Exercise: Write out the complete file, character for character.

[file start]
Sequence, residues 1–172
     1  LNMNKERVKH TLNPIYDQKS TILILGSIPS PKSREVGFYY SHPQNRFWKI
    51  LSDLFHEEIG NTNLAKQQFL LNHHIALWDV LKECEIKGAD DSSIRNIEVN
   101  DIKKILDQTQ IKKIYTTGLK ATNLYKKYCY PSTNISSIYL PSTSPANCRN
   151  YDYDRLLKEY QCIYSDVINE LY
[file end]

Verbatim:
Sequence, residues 1–172
     1  LNMNKERVKH TLNPIYDQKS TILILGSIPS PKSREVGFYY SHPQNRFWKI
    51  LSDLFHEEIG NTNLAKQQFL LNHHIALWDV LKECEIKGAD DSSIRNIEVN
   101  DIKKILDQTQ IKKIYTTGLK ATNLYKKYCY PSTNISSIYL PSTSPANCRN
   151  YDYDRLLKEY QCIYSDVINE LY